The Stampede supercomputer, located at the University of Texas at Austin's Texas Advanced Computing Center (TACC), has already enabled research teams to predict where and when earthquakes may strike, how much sea levels could rise and how fast brain tumors grow.
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Dedicated in March 2013, Stampede is now the most powerful and capable of the 16 high-performance computing, visualization and data analysis resources within the National Science Foundation's (NSF) Extreme Science and Engineering Discovery Environment (XSEDE). XSEDE is NSF's investment in an integrated, advanced cyberinfrastructure that will empower America's scientists and engineers to interactively share advanced computational resources, data and expertise in order to further research across scientific disciplines.
Researchers from any U.S. open science institution can apply to use Stampede. The system annually will support more than a thousand projects in computational and data-driven science and engineering from across the United States. Its design efficiently supports a large, diverse workload and accommodates the needs of large- and small-scale simulations, visualizations and new forms of data-intensive science.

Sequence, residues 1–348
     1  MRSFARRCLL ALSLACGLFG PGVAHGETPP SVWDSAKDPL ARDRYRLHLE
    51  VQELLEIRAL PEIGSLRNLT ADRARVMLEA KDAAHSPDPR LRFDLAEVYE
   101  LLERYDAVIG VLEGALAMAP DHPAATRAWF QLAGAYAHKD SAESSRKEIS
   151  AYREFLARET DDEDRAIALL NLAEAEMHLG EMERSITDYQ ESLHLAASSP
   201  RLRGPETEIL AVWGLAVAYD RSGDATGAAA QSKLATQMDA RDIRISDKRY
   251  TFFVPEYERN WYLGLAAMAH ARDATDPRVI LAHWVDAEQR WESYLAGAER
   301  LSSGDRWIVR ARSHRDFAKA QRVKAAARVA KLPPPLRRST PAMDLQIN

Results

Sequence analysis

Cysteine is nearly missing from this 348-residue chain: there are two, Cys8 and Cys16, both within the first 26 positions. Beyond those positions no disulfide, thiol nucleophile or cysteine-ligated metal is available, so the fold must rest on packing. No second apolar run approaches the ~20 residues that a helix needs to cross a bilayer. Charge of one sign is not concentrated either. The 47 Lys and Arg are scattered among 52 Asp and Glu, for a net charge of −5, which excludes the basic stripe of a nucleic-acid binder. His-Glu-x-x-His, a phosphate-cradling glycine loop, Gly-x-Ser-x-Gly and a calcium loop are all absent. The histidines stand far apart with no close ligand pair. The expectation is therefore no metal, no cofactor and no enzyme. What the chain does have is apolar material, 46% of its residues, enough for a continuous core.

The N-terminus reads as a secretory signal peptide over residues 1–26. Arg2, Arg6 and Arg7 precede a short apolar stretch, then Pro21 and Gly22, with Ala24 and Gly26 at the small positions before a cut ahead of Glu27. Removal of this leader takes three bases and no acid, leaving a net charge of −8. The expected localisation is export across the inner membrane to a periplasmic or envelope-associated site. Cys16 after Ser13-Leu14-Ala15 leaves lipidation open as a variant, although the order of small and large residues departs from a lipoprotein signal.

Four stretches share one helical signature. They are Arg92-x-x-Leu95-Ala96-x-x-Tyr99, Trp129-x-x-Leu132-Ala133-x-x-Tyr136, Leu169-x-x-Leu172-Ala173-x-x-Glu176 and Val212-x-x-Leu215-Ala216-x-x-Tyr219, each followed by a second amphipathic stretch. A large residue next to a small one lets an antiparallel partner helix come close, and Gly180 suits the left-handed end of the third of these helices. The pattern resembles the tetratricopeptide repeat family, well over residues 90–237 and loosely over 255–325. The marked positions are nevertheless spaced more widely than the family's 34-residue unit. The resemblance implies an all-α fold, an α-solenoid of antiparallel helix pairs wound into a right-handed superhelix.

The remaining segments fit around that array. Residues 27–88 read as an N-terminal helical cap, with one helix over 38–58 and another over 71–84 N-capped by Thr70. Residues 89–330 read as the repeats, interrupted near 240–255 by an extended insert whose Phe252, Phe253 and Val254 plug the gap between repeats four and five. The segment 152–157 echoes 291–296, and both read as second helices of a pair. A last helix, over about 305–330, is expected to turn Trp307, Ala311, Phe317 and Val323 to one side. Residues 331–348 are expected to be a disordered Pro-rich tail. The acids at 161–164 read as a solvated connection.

Stampede is supported under NSF grant ACI 11-34872.
To learn more about Stampede, see the NSF press release NSF-Supported Stampede Opens the Gates of Advanced Computation to Thousands of Research Teams. (Date of Image: September 2012 to August 2013; date originally posted to NSF Multimedia Gallery: Jan. 8, 2018)
Credit: Texas Advanced Computing Center
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